The music you hear has plenty of wild charms…but look at the photographs by Jean Weber reprinted in the booklet here, apparently 1 showing the creator at work blowing trumpets, bassoons, horns, wielding a violin bow in unconventional manner, and pursuing the craft of generating his unusual sounds. What I like here is that Dubuffet is impeccably dressed throughout, with his cardigan buttoned, his tie neatly drawn up against his white collar, and his trousers newly-pressed with razor-sharp creases (and look at those great turn-ups!). At all times, his face bears the mark of a creator taking the work absolutely seriously. 2. It adds quite a lot to the experience looking at these images of poise, grace and sartorial elegance while listening to the music on the discs, all of which is completely loopy.

This particular release compliments the 1991 CD released on the French Circé label in 1991, and reissued on the Mandala label in 1996. But that contained only nine of the 20 pieces originally recorded; here are the remaining eleven cuts. Before this, there was a 1973 release by Ilhan Mimaroglu on his Finnadar label, although the music was originally released in 1961 as an art edition of 60 copies, pressed on six 10-inch vinyl LPs.

  1. It’s possible these images are “posed” after the event, i.e. they don’t depict the actual recording / creation process, but they’re still great.
  2. I am reminded of footage of the great sculptor Alberto Giacometti, who always turned up in the studio dressed in a jacket and tie; none of that scruffy blue-jeans look for these dapper pre-war Europeans, a trend which I suppose came later with slouches like Jackson Pollock.

Reflexion Interior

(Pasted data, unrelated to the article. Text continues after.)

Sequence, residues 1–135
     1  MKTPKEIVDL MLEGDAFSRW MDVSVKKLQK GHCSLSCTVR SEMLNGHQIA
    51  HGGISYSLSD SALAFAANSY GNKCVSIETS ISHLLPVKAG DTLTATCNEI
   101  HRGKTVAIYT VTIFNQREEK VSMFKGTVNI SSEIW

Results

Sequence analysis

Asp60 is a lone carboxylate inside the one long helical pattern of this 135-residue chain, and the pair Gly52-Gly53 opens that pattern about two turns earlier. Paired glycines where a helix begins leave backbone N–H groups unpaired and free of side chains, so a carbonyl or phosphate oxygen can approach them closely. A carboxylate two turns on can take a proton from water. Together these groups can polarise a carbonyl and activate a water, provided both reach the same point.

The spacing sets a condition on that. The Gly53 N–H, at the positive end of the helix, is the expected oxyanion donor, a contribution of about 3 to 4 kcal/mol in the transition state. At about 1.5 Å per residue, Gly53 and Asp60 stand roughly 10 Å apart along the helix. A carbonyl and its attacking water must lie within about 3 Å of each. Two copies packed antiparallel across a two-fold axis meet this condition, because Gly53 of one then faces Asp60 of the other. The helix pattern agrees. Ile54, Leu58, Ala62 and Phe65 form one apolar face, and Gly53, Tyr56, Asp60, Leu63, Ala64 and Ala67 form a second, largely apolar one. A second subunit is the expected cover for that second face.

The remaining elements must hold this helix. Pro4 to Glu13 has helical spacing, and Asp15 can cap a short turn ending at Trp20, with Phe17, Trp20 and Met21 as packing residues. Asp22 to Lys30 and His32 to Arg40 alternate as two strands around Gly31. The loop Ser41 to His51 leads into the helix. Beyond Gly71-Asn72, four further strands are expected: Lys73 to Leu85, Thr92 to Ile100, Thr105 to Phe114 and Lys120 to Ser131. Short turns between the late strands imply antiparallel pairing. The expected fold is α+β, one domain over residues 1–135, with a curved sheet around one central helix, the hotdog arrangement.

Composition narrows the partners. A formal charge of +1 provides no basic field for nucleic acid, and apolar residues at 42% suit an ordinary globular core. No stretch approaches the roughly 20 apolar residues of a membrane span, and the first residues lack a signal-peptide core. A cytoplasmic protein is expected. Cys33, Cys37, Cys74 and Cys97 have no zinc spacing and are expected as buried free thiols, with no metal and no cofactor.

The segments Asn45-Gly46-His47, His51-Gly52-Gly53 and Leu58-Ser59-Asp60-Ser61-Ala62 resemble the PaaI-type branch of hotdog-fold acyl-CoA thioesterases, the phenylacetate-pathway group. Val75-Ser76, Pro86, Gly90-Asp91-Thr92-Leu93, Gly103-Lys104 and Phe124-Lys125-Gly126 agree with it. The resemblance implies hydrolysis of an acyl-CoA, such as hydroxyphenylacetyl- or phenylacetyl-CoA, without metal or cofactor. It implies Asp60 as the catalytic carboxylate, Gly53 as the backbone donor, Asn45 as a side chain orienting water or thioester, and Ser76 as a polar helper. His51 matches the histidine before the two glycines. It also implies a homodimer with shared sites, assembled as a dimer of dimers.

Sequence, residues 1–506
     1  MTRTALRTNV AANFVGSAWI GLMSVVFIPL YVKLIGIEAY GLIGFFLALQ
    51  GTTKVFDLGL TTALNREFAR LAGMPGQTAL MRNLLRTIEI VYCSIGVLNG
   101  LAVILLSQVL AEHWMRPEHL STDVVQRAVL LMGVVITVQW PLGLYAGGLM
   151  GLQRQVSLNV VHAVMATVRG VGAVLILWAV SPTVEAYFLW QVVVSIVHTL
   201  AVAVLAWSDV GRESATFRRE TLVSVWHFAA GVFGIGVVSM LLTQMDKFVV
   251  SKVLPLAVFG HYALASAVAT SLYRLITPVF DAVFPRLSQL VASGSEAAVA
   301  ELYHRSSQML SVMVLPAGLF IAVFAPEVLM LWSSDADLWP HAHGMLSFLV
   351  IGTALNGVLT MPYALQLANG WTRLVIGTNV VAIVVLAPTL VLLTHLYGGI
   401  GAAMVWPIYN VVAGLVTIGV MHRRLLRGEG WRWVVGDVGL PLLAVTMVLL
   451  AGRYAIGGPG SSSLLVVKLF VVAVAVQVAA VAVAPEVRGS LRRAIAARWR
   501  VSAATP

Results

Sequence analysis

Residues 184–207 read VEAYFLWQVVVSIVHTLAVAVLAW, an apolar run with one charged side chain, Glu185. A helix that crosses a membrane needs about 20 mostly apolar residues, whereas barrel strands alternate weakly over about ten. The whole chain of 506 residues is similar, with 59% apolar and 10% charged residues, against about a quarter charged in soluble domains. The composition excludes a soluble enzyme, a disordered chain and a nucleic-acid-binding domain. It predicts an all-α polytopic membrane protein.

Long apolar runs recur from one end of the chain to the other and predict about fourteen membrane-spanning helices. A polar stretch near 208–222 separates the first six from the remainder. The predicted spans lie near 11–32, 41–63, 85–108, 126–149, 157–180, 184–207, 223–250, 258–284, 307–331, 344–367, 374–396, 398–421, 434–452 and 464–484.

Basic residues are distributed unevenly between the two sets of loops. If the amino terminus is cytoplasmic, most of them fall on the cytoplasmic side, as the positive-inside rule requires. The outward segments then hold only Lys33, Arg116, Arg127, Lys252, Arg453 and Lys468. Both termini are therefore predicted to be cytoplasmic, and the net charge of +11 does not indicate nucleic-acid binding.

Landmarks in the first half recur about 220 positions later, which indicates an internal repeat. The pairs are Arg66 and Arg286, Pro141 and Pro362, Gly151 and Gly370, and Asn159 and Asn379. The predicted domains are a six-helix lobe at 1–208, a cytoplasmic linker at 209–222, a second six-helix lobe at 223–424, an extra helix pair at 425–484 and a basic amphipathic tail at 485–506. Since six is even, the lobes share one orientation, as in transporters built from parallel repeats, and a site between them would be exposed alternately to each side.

The item Eins Bis Sechzehn (CRONICA 069-2012) is by the sound artist Ephraim Wegner and the visual artist Julia Weinmann, with their audio and visual snapshots of old ruined hotels. Presumably they wander about these collapsing edifices while no-one is looking and operate their capture devices before a wedge of plaster falls on their heads. They present the finished work as a fairly short CD – just six tracks of field recordings – and a portfolio of full-colour photographs, very well printed and some of them folding out into friezes. Although at first glance / listen we may think we’re facing a rather empty and desolate set of surroundings, in fact there are minimal traces of human endeavour and past lives embedded in the recordings. We can hear something bumping about like the ghost of a portly man settling into a sofa or furniture removers operating a service lift. Also other signs of life, like birds twittering outside or the distant seashore. Evocative and airy, it’s quite a benign undertone here, and clearly not directed by Stanley Kubrick in the ruins of the Overlook Hotel while furrowing his beetling brow. I’m very much reminded of Michael J. Schumacher and his 2003 release Room Pieces – this one seems to be poking around in similar enigmatic blank zones. I haven’t read their lengthy explanation in the notes though, as I suspect it’s trying to overstretch a simple idea with one too many “resonances”.